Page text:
The weaker core inflation also shows that “recovery in effective demand is weak, and there is a lag in passing prices down the supply chain,” Bruce Pang, chief economist at Jones Lang LaSalle (JLL), recently explained to Bloomberg. “Slack demand, recovering at a slower pace than manufacturing, is the chief issue right now.” Indeed, while Beijing initially targeted a 5.5-percent growth rate for 2022, some economists now expect that target to be undershot by as much as 2 percent. Should this transpire, 2022 would represent one of China’s weakest years in economic performance in nearly half a century.
And yet the government remains steadfast in its commitment to do everything it can to shield the country from the threats posed by the virus, even if that means sacrificing economic growth. It continues to stress the importance of maintaining economic stability rather than growth. NBS chief statistician Dong Lijuan stated that authorities “took many steps to ensure the supply of important consumer goods and stabilize their prices” last month. And a recent G-20 (Group of Twenty) meeting of central-bank governors saw People’s Bank of China Governor Yi Gang discuss how consumer prices in China have remained “basically stable”.
Could we see an imminent end to zero-COVID in China? Unlikely, particularly if the remarks delivered by President Xi Jinping during the recently concluded 20th National Congress of the Chinese Communist Party are anything to go by. The president said that China had launched a “people’s war” on the pandemic with this “dynamic” policy and had saved lives while balancing the need to continue economic development. Given that this policy has proven to be effective on the whole within China and the chaotic macroeconomic environment other advanced economies are now facing as inflation shows little sign of letting up, moreover, it may well be that Beijing feels no rush to end the policy prematurely.
While the rest of the world continues to boost interest rates to tame inflation, China will be more inclined to loosen monetary policy to encourage more spending and investment. “Inflation has remained moderate in China with lower non-food inflation offsetting higher food inflation in Sep[t]. CPI inflation is expected to continue to print below 3% year-on-year in the next few months,” UOB (United Overseas Bank) economist Ho Woei Chen noted following the release of China’s September inflation figures. “Inflation is relatively muted in China compared to other major economies, giving rise to some room for China’s monetary policy to further diverge from that of the US and Europe. With the increasing growth headwinds in China, the People’s Bank of China (PBoC) will need to maintain an accommodative monetary policy and a proactive fiscal policy to support the recovery.”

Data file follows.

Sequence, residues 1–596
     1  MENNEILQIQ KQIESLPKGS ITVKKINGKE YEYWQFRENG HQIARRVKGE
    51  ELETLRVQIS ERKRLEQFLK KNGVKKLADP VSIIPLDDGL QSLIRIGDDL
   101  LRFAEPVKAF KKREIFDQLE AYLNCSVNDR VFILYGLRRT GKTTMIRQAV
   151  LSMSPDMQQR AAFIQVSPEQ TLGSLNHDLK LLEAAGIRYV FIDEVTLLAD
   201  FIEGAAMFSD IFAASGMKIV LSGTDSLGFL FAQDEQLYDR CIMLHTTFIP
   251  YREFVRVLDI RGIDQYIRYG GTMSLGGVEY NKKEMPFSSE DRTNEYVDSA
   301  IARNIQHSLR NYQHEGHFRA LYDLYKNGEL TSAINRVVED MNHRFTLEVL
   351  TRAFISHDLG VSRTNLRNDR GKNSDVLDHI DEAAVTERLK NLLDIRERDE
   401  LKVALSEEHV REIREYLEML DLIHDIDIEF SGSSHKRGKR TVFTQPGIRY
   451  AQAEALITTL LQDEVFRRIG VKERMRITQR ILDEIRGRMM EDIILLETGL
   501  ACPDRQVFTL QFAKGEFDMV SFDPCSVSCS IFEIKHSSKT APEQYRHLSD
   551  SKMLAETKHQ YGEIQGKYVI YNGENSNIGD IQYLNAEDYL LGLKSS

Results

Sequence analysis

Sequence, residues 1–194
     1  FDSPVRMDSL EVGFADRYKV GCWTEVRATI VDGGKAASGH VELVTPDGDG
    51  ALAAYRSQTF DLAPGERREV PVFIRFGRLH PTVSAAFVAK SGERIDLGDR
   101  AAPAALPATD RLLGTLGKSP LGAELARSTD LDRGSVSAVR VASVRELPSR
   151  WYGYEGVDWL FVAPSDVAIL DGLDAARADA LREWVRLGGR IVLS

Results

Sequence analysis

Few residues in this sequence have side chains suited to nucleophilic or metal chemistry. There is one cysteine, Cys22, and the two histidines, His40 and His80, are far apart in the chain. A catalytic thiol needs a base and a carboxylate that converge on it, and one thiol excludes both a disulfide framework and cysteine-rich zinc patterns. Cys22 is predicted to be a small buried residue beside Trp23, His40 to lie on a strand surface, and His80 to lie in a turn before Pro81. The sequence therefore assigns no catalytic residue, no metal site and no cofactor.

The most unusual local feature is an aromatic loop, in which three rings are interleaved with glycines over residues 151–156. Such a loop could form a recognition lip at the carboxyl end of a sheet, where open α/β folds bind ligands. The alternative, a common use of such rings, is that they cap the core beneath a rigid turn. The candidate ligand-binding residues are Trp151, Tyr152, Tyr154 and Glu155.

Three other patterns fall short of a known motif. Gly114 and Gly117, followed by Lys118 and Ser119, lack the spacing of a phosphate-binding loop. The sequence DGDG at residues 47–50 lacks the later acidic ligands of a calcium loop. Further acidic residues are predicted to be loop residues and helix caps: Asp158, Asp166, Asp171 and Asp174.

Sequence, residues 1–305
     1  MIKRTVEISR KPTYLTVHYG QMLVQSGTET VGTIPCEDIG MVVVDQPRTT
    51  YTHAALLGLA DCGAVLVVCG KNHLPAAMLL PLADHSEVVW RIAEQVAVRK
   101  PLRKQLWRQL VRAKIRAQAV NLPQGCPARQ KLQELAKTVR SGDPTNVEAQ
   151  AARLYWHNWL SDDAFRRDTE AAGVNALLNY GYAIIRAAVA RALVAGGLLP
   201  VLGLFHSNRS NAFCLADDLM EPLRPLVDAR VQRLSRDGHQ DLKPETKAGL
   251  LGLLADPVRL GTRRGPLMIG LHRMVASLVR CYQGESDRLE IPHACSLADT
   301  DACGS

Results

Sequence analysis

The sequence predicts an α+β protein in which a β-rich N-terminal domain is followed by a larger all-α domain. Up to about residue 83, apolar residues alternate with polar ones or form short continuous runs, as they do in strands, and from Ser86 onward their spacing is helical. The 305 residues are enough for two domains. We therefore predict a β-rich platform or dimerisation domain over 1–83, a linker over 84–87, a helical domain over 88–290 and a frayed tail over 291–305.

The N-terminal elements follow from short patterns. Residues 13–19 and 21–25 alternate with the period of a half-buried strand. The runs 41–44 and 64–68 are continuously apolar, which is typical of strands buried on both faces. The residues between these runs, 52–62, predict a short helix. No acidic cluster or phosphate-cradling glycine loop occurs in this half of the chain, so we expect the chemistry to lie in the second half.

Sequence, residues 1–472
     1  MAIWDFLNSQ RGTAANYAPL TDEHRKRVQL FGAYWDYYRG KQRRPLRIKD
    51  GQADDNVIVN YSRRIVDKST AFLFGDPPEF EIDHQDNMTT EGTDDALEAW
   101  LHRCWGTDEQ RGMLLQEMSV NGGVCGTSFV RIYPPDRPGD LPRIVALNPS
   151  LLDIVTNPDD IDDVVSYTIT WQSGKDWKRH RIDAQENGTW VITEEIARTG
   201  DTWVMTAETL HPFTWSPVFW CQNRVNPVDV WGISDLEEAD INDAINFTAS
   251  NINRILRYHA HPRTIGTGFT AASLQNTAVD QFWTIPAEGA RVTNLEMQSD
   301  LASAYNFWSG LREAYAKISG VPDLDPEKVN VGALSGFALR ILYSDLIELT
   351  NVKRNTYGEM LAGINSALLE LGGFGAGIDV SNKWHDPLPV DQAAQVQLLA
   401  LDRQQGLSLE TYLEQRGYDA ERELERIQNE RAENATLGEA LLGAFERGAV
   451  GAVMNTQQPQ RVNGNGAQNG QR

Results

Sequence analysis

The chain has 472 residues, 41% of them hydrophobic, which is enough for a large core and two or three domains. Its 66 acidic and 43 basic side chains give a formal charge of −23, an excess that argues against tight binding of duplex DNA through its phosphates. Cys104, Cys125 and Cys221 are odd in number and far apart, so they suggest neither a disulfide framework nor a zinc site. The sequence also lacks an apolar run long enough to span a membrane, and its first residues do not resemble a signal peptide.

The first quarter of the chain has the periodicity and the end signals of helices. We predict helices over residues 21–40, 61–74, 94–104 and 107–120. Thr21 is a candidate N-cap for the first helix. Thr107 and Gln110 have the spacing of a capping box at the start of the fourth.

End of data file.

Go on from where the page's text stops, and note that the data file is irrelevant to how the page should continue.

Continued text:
Indeed, a Reuters poll in mid-October showed that the central bank is even likely to trim the one-year loan prime rate (LPR), the benchmark lending rate, by five basis points in the fourth quarter. “China’s inflation situation is quite different from that of Europe and [the] United States, and its monetary policy should be more ‘self-oriented’, giving priority to boosting domestic demand,” said Wen Bin, chief economist at Minsheng Bank.
China’s Producer Price Index (PPI), which measures the prices for products as they leave factories, meanwhile, rose by just 0.9 percent from a year ago, the slowest rate since January 2021. This slowdown was largely driven by a slump in the prices of mining, raw materials and manufacturing. “Prices of global commodities including crude oil continued to decline in September,” Dong Lijuan added. “The overall price trend for producer goods is downward, though the declining trend has slowed.”
And analysts at Goldman Sachs stated they expect annual headline CPI inflation in China to remain moderate during the coming months on “both a high base and subdued services demand”. They explained, “We expect year-over-year PPI inflation to continue to fall on both base effects and eased inflationary pressures due to lower commodity prices.”